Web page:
Electronic Design
Direct Sampling ADC Makes SDR Easier And Cheaper

Direct Sampling ADC Makes SDR Easier And Cheaper

In the ultimate software-defined radio (SDR), the input from the antenna is connected directly to the analog-to-digital converter (ADC). All the filtering, demodulation, and other processing then are done in DSP. Such radios already exist for the lower frequencies.

For example, some commercial amateur radios and shortwave radios with a frequency range to 30 MHz use the direct sampling technique. Now you can do this with 3G and 4G cellular radios in the low microwave region. National Semiconductor's ADC12Dxx00RF ADCs sample as quickly as 3.6 Gsamples/s (GSPS), making it possible to make cellular direct RF sampling radios up to 2.7 GHz.

These 12-bit ADCs come in five versions with maximum sampling rates of 1.0, 1.6, 2.0, 3.2, and 3.6 Gsamples/s, and they let you sample beyond the seventh Nyquist zone as needed. The 3.6-Gsample/s device boasts third-order intermodulation distortion (IMD3) of -71 dBc at 2.7 GHz with an amazing noise floor of -152.2 dBm/Hz.

These chips are pin-compatible with National's earlier line of ADC101x00 10-bit devices. Each IC is a dual-channel device with two independent ADC signal chains (see the figure). Each channel can be used independently or in an interleaved format to achieve even higher sampling rates. Power consumption depends on sampling rate but ranges from 3 to 4 W for the higher rates.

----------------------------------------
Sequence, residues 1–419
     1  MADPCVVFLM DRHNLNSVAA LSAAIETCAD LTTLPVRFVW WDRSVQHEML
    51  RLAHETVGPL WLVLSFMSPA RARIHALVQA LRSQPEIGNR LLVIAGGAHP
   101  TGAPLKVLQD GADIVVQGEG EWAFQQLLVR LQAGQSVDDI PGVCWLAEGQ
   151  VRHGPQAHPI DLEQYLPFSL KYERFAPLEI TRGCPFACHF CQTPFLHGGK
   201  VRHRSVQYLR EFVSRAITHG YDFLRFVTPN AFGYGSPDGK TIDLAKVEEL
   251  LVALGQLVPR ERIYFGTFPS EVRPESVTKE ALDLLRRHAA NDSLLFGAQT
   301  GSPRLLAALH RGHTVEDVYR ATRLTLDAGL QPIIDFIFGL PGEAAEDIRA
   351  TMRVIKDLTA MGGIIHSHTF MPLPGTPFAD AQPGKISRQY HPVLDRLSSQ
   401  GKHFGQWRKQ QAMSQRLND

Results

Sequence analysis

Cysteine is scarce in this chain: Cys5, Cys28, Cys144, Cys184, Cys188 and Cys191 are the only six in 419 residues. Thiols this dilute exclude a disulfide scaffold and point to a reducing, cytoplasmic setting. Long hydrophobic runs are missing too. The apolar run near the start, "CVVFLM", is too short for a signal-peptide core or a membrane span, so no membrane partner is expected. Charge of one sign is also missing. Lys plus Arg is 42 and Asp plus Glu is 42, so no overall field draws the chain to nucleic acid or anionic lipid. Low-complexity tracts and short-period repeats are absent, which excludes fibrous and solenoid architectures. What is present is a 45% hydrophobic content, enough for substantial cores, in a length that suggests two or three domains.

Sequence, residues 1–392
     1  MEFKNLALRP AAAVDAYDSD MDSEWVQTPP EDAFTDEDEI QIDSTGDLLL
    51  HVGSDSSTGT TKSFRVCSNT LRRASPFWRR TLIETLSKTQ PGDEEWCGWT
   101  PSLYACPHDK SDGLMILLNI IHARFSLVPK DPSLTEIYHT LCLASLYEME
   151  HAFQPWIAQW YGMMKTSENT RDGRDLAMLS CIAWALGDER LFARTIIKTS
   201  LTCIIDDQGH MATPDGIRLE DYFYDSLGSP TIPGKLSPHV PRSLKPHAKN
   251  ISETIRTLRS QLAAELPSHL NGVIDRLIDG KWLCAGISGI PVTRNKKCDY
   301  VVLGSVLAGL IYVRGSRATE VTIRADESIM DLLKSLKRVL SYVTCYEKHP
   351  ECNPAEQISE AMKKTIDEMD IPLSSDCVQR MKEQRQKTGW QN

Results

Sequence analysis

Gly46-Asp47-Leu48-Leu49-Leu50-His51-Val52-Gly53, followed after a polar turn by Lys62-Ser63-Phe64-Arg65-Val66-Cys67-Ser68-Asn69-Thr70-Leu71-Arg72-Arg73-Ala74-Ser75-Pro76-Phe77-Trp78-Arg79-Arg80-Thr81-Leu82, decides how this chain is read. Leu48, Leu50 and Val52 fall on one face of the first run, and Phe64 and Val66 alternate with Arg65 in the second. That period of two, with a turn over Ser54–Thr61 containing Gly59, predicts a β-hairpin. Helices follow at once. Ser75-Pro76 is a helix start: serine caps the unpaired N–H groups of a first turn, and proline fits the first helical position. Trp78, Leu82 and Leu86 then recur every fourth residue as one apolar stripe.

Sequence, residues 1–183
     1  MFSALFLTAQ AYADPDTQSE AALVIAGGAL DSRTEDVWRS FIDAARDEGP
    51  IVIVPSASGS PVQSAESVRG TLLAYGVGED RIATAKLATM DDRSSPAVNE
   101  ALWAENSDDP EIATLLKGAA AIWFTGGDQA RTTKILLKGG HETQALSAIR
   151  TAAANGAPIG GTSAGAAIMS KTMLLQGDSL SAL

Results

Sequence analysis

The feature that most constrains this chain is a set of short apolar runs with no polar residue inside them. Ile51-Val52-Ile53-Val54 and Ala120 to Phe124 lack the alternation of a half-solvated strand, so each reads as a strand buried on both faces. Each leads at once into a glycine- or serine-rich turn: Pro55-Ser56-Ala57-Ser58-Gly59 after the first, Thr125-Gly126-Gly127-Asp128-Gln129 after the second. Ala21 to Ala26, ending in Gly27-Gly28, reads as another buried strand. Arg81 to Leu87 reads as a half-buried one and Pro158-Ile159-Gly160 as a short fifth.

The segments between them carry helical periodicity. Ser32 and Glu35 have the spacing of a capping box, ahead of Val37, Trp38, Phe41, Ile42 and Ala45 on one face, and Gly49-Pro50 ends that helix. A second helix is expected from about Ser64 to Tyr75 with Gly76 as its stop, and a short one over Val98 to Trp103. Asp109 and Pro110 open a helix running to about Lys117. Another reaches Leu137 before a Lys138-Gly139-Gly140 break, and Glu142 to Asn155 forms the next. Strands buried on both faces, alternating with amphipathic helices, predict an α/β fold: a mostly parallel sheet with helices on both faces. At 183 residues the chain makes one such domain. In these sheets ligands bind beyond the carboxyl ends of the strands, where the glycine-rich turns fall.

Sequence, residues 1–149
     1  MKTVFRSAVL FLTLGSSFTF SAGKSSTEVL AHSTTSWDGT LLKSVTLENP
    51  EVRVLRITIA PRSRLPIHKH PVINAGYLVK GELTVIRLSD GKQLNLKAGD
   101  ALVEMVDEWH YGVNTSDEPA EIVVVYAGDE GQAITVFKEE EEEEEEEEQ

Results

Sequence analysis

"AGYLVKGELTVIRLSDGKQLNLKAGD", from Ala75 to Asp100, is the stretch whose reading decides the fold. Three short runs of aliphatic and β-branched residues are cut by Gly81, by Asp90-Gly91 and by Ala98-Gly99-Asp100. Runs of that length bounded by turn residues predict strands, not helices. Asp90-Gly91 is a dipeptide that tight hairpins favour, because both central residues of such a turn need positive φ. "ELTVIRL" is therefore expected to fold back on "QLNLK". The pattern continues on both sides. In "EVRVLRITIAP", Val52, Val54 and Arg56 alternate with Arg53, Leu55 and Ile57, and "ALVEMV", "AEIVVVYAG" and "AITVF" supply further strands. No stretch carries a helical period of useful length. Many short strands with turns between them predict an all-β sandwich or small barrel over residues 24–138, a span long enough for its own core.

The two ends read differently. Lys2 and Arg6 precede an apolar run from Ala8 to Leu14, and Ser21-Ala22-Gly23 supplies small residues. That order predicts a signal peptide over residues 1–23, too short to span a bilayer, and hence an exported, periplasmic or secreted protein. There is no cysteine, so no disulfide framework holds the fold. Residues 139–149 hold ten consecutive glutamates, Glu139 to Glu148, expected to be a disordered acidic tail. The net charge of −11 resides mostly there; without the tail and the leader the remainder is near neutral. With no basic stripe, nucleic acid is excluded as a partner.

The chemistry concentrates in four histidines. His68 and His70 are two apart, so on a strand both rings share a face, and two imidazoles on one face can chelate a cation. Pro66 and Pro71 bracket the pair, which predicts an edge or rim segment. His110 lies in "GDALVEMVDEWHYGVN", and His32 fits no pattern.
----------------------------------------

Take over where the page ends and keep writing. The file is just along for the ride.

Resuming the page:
One of the best features of these new ADCs is that they can completely eliminate multiple intermediate frequency (IF) downconversion stages that include amplifiers, mixers, filters, and other components. This drastically reduces the bill of materials (BOM) cost, board size, weight, and power consumption. Eliminating the local oscillators in IF designs also greatly reduces interference and as well as the need for filters and other components.

These ADCs target cellular basestations and backhaul point-to-point radios, along with radar and military communications. Consumer uses include media servers and set-top boxes, automobile radar, and game systems. Data acquisition and test equipment are additional potential uses.

If you're designing any high-frequency SDR or direct conversion radio, keep these new ADCs in mind. They're available now in a thermally enhanced 292-ball ball-grid array (BGA) package. Check with National Semiconductor for datasheets and prices.

National Semiconductor Corp. 
www.national.com

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